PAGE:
. . SUSTAINABLE DEVELOPMENT . .
A blog by Brad Sewell, Natural Resources Defense Council
President Obama made history today [September 15]. He established the nation’s first marine national monument in the waters of the continental United States: the Northeast Canyons and Seamounts Marine National Monument, located about 150 miles of the coast of Cape Cod. The monument will forever protect the rich diversity of marine wildlife that inhabits these undersea canyons and seamounts from harmful commercial activities, like mining, drilling, and fishing. It will build a reservoir of ecological resilience in the region, helping to protect and restore fish and other wildlife populations and to minimize the impacts of climate change and ocean acidification.
Map of Northeast Canyons and Seamounts Marine National Monument. Credit: The Pew Charitable Trusts
What the President has done is epic. He has permanently protected a highly vulnerable ecosystem roughly the size of Connecticut, creating a “blue park” right off our most populous coastline. And he increased by twenty times the amount of ocean habitat in federal waters of the continental U.S. that has this sort of complete protection.
And what an ocean gem the canyons and seamounts are! As the science shows, America’s newest monument is exceptional for its diverse and abundant deep sea corals—73 different species in all, and for its marine mammals, like squid-eating sperm and beaked whales, as well as its seabirds and sea turtles. And, of course, fish also abound here, from bizarre deep sea species that you’ve never heard of to those kings of the food chain: sharks, tunas, and swordfish.
The monument encompasses three submarine canyons, Oceanographer, Gilbert, and Lydonia. They are exceptionally large and plunge deeper than the Grand Canyon. The canyons contain particularly abundant and diverse coral colonies and have a rich history of scientific exploration.
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The four seamounts, Physalia, Bear, Retriever, and Mytilus, are the only ones in the U.S. Atlantic. They rise up through the water column and function like ocean oases in the deep sea. The monument covers nine different major, interconnected habitat types, from the continental shelf edge down to the abyssal plain. Because of this mosaic of habitats, and the complex geologic features and current patterns, the area is a biologic hotspot, providing food, shelter and nursery habitat for many species. This will benefit wildlife populations in the region as a whole, including commercially valuable fish and crustacean species.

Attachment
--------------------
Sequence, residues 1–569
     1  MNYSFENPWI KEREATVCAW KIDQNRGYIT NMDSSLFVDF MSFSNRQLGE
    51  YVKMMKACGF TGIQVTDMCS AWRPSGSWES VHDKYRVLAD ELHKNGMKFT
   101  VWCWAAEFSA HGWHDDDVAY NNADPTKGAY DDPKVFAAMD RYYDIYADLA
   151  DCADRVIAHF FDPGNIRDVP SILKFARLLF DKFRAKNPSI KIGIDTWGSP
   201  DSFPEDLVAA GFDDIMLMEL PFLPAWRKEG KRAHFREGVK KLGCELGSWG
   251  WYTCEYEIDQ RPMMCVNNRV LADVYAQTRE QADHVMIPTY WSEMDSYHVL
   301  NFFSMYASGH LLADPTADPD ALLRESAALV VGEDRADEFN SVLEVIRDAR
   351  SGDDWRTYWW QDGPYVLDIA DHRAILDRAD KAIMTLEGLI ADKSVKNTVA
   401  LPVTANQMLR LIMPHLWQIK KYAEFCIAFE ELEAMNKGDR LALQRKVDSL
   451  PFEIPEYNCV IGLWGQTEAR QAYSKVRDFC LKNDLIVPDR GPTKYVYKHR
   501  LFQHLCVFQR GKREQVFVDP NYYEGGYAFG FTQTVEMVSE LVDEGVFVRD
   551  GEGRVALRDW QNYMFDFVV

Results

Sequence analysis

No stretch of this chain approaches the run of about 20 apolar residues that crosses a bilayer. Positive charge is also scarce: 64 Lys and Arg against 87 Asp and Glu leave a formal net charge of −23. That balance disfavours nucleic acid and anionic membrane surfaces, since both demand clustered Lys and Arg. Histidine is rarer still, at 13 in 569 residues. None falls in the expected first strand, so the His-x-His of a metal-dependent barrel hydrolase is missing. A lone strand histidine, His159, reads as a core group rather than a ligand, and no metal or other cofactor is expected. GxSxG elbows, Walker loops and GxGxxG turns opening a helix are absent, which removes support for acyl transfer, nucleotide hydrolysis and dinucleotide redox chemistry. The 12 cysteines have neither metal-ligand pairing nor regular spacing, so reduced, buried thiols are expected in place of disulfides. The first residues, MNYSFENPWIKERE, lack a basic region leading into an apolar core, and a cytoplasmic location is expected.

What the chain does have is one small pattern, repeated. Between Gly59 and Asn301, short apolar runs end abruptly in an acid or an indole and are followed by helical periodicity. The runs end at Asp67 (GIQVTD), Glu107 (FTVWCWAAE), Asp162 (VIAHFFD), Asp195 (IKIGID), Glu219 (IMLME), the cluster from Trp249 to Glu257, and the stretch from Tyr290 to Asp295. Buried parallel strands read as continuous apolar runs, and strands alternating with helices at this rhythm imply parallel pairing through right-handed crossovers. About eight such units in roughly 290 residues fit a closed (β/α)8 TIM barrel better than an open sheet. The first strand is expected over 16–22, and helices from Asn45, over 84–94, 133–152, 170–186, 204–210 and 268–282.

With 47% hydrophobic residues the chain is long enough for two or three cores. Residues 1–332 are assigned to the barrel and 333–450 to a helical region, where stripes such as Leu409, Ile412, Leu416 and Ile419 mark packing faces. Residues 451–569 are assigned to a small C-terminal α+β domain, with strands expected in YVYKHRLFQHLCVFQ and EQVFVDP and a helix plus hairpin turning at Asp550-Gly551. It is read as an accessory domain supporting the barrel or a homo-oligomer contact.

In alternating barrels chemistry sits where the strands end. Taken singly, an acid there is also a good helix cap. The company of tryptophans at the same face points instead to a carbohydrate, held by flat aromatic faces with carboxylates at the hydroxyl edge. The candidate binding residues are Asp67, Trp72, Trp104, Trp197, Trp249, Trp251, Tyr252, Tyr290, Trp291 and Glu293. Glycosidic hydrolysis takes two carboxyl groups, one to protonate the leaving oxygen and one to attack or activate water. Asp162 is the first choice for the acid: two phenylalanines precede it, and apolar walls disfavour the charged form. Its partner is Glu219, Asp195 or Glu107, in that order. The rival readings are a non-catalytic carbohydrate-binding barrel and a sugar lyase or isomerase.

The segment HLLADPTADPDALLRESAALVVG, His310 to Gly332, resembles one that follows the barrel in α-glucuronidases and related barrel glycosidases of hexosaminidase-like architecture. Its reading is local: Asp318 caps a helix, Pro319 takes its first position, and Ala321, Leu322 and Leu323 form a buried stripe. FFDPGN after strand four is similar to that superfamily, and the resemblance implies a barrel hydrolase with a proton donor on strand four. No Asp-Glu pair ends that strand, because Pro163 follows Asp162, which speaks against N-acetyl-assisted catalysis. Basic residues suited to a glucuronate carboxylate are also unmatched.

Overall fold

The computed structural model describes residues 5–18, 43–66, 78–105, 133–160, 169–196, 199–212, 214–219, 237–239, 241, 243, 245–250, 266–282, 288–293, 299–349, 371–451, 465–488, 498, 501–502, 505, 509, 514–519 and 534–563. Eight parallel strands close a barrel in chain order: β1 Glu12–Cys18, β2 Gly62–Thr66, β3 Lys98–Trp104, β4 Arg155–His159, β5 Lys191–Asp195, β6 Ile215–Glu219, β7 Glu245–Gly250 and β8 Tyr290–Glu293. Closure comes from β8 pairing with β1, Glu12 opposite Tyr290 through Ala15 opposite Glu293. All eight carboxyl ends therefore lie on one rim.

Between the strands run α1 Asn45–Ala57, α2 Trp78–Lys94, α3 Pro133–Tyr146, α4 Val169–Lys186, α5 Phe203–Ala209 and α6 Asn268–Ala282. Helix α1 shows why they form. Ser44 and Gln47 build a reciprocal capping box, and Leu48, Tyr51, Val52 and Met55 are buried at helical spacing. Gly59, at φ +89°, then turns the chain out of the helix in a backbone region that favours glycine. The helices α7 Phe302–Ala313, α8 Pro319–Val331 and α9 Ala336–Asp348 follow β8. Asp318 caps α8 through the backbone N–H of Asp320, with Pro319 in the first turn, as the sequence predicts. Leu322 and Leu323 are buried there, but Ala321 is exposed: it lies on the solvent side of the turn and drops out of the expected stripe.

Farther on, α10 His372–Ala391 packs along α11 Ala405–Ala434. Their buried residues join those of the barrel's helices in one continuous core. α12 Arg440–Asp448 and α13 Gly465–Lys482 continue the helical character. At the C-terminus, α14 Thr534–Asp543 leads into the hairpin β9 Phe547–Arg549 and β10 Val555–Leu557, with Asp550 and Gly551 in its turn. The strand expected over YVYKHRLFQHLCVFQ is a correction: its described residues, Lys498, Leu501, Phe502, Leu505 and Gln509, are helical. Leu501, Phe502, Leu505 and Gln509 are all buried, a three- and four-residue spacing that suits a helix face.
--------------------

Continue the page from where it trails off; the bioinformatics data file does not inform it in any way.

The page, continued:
If we are going to protect and restore our oceans, and rely on them as a source of food and enjoyment even as pressures and threats mount, the type of bold, trailblazing action that the President took today is exactly what we need. In particular, we need to build ecological resilience and protect genetic diversity to insulate marine populations against climate change and ocean acidification. With New England ocean waters already undergoing some of the greatest temperature increases on the planet, this action is none too soon. Last week, the nations and organizations at the IUCN World Conservation Congress urged world leaders to protect 30% of the planet’s oceans by 2030. The Northeast Canyons and Seamounts Marine National Monument is an excellent step in answering this call.
So, Mr. President, thank you!
And a huge thanks as well to Senator Blumenthal and the Connecticut Congressional delegation for being steadfast champions of the monument.
Finally, the designation would not have happened but for the outpouring of support from a broad and diverse coalition. Over the last year, 300,000 citizens have voiced support to the Administration. They have been joined by Mystic and New England Aquariums, along with a host of other aquarium and marine institutions, over 145 scientists, 100 New England businesses, dozens of state and federal elected officials, dozens of state and national religious groups, fishermen, marine mammal research groups and whale watch operators, dive groups, and conservation organizations.
A day to celebrate indeed!
(Thank you to Janet Hudgins, the CPNN reporter for this article)